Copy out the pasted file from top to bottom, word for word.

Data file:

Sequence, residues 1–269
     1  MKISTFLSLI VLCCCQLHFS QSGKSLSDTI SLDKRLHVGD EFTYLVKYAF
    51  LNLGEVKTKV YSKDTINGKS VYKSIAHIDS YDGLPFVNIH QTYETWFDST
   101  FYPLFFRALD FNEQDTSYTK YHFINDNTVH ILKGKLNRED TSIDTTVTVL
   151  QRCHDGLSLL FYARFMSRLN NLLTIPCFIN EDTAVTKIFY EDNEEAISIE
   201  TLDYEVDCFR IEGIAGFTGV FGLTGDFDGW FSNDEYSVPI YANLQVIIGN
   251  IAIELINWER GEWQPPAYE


Sequence, residues 1–269
     1  MKISTFLSLI VLCCCQLHFS QSGKSLSDTI SLDKRLHVGD EFTYLVKYAF
    51  LNLGEVKTKV YSKDTINGKS VYKSIAHIDS YDGLPFVNIH QTYETWFDST
   101  FYPLFFRALD FNEQDTSYTK YHFINDNTVH ILKGKLNRED TSIDTTVTVL
   151  QRCHDGLSLL FYARFMSRLN NLLTIPCFIN EDTAVTKIFY EDNEEAISIE
   201  TLDYEVDCFR IEGIAGFTGV FGLTGDFDGW FSNDEYSVPI YANLQVIIGN
   251  IAIELINWER GEWQPPAYE